The new entrance of Paisley Museum has been installed as part of the ongoing £45million refurbishment of the site.

The 'red drum', which consists of specially designed red panes shipped from Germany, has been put in place by contractors Keir, as construction on the new west extension of the original Victorian museum takes shape.

Renfrewshire Provost Lorraine Cameron was joined on-site by Councillor Lisa-Marie Hughes, chair of OneRen, to mark the milestone moment.

The Gazette:

The Gazette:

Provost Cameron told The Gazette: "Paisley Museum will be the crowning glory in a once-in-a-generation investment in Paisley’s cultural infrastructure that will breathe new life into the town. 

"I'm blown away by the sheer scale of the project and the incredible ambition of the team which will create a world-class museum with community at its heart.

"It is going to be quite stunning and somewhere which the people of Paisley, Renfrewshire and beyond will be rightly proud of."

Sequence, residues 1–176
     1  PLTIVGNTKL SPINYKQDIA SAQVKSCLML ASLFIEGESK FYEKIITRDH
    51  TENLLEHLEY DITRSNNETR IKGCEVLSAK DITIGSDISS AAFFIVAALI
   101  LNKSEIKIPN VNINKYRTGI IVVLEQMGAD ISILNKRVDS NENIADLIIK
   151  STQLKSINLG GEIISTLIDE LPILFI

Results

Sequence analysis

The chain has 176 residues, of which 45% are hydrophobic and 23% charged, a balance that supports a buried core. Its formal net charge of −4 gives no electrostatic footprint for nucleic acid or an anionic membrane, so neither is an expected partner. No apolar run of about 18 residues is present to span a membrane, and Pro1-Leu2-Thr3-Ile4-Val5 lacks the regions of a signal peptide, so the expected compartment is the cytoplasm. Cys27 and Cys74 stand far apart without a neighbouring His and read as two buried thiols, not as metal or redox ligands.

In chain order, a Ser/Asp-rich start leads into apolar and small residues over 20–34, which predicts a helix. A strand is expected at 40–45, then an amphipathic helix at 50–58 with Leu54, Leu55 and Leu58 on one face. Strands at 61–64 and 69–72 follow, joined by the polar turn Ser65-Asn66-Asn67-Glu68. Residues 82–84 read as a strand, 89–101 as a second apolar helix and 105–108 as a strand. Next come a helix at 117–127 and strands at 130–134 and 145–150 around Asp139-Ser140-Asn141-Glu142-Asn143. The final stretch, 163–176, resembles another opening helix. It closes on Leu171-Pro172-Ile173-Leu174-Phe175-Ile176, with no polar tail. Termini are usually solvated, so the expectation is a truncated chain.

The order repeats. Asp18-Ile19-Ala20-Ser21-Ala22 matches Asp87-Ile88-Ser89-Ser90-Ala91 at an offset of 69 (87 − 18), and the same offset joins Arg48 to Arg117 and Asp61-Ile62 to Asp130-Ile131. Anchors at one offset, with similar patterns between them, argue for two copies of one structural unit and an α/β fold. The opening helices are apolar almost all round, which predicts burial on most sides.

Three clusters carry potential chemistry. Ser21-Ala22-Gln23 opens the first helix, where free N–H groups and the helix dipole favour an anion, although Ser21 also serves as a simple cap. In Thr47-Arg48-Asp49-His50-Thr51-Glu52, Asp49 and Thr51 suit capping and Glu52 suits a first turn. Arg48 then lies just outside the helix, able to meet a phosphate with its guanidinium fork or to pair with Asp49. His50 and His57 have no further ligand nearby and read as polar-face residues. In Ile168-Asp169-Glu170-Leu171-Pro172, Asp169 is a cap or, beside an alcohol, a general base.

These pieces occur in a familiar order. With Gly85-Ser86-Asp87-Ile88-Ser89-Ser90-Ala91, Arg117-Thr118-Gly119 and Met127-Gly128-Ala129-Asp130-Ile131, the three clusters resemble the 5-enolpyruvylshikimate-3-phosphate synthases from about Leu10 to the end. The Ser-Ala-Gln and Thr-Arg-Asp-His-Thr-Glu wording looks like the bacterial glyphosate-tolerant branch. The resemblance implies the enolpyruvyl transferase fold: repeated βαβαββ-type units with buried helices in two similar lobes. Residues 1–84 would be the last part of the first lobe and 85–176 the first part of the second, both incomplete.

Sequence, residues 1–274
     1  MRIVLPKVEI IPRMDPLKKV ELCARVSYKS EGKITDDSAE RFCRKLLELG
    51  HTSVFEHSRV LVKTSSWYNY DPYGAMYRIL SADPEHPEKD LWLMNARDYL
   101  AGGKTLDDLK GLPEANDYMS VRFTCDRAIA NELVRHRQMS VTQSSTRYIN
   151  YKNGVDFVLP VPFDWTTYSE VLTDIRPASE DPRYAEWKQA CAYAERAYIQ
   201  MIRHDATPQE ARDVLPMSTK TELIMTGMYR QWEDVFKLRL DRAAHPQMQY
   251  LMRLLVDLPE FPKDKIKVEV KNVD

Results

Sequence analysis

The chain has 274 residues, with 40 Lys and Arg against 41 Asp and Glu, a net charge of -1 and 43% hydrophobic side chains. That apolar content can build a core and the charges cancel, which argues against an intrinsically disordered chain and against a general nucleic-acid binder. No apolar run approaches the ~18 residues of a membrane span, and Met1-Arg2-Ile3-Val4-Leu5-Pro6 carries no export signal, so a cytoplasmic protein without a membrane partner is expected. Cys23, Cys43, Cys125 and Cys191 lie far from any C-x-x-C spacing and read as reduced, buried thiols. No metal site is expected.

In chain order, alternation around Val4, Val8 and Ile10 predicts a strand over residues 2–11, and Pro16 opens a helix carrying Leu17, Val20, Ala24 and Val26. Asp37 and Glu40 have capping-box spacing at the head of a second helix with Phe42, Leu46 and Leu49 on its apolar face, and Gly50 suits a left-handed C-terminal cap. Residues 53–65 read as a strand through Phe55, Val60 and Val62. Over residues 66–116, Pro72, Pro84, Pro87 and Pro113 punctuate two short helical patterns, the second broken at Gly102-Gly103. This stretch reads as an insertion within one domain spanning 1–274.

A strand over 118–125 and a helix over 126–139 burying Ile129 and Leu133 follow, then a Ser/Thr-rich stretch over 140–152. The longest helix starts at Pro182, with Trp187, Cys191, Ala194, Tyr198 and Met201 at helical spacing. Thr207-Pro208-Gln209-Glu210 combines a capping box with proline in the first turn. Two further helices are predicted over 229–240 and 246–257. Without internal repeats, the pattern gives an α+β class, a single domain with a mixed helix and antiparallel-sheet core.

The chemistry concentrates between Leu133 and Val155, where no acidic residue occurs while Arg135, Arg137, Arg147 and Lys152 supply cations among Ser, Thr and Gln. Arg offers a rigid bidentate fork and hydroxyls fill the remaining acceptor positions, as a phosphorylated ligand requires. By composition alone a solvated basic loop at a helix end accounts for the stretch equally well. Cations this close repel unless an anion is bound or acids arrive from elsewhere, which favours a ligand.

Ms Hughes said: "To stand in the new entrance, where next year we will be welcoming excited visitors to our incredible new museum, is a really special moment.

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"Our expert museums team and our partners have worked on over 100 story displays, featuring more than 1,200 objects, more than double what was on display previously. 

"I can't wait to welcome visitors from Paisley, Scotland and beyond to see the results for themselves."

With eight new public spaces, the new Paisley Museum, which will be managed by OneRen, will be filled with more than 60 digital displays and will be home to a new garden gallery, public courtyard, café and picnic areas.

The Gazette:

The Gazette:

The Thomas Coats Observatory – the oldest public observatory in Scotland – will be open and accessible to the public, its rich and vibrant history as both civic timekeeper and a truly remarkable, 150-year-old weather station, available to all.

While celebrating the area's significant industrial past and the town's importance, not least in textiles, weaving and exploring the origins and impacts of the famous Paisley pattern, the refurbished museum's gallery spaces will increase by more than a quarter, with ambitious architectural and engineering interventions to welcome visitors to stunning indoor and outdoor spaces.

The museum refurbishment is funded by Renfrewshire Council, the Scottish Government, the National Lottery Heritage Fund and Historic Environment Scotland. 

The project is being further funded by a charitable fundraising campaign that has been supported by a number of trusts and foundations and corporate donors.